I recently spent a wonderful week on the south island of New Zealand at the 5th Global Botanic Gardens Congress. On the very last day of our visit we made it to the gorgeous Dunedin Botanic Gardens for a morning spent oohing and ahhing over the gracious lawns, gardens and magnificent trees. Just as we were leaving we found this beautiful creature pecking away at leaves in trees just near the entrance gates. It was kind enough to pose. You can click to make bigger. More on the lovely native wood pigeon here.
I’ve always been thrilled to find little shards of china buried in the garden or on digs along land that used to be near housing. I love the ornate decorations. I want to know the story of the cup or plate or bowl – how did it come to be exactly there under my feet? I have quite a collection and I am drawn to people who like to pick up and collect the things I do.
This little as yet unfinished drawing, done in fine pen on quite rough water colour paper features pieces from my own treasure trove and a couple of spectacular pieces borrowed from a dear friend.The beauty of undertaking to draw something with lot of fine details is that you get to know it very well. The way the leaves intertwine, the shading to add depth to the decoration, the placement of petals just so, a temple here, a blossom there. I’ll never look at a teacup in the same way.
Drawing the fragments has also been an exercise in faith – the faith in my ability to represent the art already inherent in those small remnants of something useful. At times I found myself struggling with confidence – I could actually almost hear the doubting voice when I was about to tackle a particularly complex decoration. I’m practicing quietening that voice and learning to continue working in spite of it. It’s a nice feeling to make it to the other side of that doubting time and settle to work or in this case settle to play.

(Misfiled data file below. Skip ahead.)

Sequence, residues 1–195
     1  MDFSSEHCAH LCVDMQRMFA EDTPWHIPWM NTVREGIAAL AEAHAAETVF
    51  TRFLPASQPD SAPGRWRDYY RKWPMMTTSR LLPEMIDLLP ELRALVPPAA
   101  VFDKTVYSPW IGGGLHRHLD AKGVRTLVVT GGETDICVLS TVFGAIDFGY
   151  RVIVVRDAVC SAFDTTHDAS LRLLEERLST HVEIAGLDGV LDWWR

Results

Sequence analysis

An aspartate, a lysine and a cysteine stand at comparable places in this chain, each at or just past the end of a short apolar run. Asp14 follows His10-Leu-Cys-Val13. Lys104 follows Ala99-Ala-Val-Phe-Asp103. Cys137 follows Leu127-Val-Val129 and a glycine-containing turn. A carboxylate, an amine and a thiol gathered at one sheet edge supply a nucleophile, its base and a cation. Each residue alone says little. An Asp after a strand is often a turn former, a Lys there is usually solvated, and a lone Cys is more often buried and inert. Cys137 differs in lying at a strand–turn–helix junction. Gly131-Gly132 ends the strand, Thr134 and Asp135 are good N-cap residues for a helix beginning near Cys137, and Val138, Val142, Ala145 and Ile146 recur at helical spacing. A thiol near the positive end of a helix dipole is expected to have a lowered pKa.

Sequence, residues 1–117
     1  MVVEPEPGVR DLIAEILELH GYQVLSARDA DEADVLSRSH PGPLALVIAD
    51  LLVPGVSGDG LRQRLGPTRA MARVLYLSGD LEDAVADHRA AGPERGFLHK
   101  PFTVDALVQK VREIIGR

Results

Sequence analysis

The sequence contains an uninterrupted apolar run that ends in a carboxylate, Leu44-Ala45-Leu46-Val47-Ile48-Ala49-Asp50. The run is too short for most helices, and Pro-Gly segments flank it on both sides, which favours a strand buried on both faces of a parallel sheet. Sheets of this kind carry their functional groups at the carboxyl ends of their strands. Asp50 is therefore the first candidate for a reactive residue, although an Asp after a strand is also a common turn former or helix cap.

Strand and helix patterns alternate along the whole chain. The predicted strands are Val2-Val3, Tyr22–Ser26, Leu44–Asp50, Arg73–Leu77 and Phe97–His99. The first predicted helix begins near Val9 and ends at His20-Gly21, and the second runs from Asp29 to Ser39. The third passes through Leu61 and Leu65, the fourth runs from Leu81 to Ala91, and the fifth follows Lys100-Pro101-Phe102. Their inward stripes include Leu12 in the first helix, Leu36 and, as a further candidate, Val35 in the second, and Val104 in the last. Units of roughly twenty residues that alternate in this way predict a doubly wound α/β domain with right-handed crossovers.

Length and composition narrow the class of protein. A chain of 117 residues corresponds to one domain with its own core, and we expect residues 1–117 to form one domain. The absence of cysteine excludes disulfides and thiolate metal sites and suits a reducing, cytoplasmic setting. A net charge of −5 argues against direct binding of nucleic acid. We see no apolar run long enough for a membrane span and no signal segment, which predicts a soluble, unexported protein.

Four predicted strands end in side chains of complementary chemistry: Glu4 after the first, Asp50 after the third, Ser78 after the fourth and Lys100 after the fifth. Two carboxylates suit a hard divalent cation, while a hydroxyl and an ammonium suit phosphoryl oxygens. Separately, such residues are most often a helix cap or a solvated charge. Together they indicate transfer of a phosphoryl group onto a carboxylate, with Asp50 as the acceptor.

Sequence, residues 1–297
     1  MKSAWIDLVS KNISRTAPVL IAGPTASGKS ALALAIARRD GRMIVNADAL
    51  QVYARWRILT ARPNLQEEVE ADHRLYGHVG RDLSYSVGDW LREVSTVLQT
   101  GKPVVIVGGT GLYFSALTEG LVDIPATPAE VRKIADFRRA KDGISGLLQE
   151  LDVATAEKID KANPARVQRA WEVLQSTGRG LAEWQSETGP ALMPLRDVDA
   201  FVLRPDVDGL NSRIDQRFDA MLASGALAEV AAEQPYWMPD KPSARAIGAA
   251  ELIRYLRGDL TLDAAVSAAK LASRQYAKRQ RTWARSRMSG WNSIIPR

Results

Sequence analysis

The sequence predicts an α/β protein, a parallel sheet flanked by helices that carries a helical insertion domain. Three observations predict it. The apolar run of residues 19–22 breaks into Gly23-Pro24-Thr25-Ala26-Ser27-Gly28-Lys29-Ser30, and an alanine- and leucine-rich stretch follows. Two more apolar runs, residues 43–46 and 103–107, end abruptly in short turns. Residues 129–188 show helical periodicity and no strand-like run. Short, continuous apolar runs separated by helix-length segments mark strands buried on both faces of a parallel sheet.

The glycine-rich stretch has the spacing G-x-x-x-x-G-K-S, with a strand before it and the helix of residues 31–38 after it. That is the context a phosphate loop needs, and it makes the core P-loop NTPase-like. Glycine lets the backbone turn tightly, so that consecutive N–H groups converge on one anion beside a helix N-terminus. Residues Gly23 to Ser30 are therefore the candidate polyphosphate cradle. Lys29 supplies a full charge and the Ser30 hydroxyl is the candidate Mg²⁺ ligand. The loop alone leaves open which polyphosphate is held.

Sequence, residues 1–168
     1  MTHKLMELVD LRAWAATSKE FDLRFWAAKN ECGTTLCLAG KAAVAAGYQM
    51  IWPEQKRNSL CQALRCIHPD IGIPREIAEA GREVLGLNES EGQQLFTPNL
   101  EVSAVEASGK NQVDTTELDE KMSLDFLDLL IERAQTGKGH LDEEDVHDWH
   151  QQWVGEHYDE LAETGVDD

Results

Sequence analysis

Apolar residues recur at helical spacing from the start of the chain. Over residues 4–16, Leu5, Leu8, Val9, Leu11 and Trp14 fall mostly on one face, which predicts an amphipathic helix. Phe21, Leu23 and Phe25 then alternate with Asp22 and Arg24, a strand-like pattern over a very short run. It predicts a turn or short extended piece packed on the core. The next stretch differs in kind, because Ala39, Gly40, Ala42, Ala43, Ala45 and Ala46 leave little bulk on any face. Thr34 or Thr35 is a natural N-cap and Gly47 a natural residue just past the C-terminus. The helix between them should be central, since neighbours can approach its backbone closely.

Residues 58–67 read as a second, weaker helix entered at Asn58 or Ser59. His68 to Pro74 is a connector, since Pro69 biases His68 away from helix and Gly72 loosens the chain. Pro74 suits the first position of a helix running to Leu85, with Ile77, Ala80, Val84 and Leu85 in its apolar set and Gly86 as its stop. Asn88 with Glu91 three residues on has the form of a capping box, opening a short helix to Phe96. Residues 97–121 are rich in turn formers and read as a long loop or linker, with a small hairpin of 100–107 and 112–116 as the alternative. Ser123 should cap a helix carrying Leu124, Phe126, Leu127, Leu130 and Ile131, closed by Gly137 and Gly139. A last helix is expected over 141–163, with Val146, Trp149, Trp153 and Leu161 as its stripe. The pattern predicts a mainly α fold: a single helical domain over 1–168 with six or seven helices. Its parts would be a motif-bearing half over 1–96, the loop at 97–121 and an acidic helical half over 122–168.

PS – If I was doing this again I probably wouldn’t start on really rough paper – every time a .005 pen tip hits a bump it’s like driving into the side of a mountain!
I’m a terrible sticky beak for other people’s spaces, especially workspaces, making spaces, offices, hideaways… I have a very small office hideaway of my own and although it’s a bit jam packed with stuff I love it and I love being at my desk in front of window that looks out onto the hedge. I feel peaceful, creative and optimistic here.
Sometimes I want to try everything at once. My desk gets covered in stuff. I’m thinking those osso bucco bones would make for nice shapes to print…
Full Moon Silhouettes from Mark Gee on Vimeo.
Click the clip to view full screen – this is very nice big.
Mark Gee –
“Full Moon Silhouettes is a real time video of the moon rising over the Mount Victoria Lookout in Wellington, New Zealand. People had gathered up there this night to get the best view possible of the moon rising. I captured the video from 2.1km away on the other side of the city. It’s something that I’ve been wanting to photograph for a long time now, and a lot of planning and failed attempts had taken place. Finally, during moon rise on the 28th January 2013, everything fell into place and I got my footage.
The video is as it came off the memory card and there has been no manipulation whatsoever. Technically it was quite a challenge to get the final result. I shot it on a Canon ID MkIV in video mode with a Canon EF 500mm f/4L and a Canon 2x extender II, giving me the equivalent focal length of 1300mm.“
Music – Tenderness by Dan Phillipson : http://premiumbeat.com/royalty_free_music/songs/tenderness
The rising moon or the setting sun still has the power to move us.
We had a lot of fun making these on a beach holiday just a few weeks ago.
We love the beach and summer, and driftwood.
And we love love.
A while back my daughter and I had some fun playing with medium point Sharpie textas, vivid water based inks that I have had a for a long time, and heavy cartridge card. The cool thing we discovered is that if you draw the Sharpie lines first, the Sharpie ink seems to create a natural barrier for the water based ink when you paint in the squares – like the paper has absorbed the Sharpie ink and can’t absorb the other so you get very nice, crisp lines. Click on the image to make big and you’ll see the sharp lines with just a little bleed of ink. I like the effect.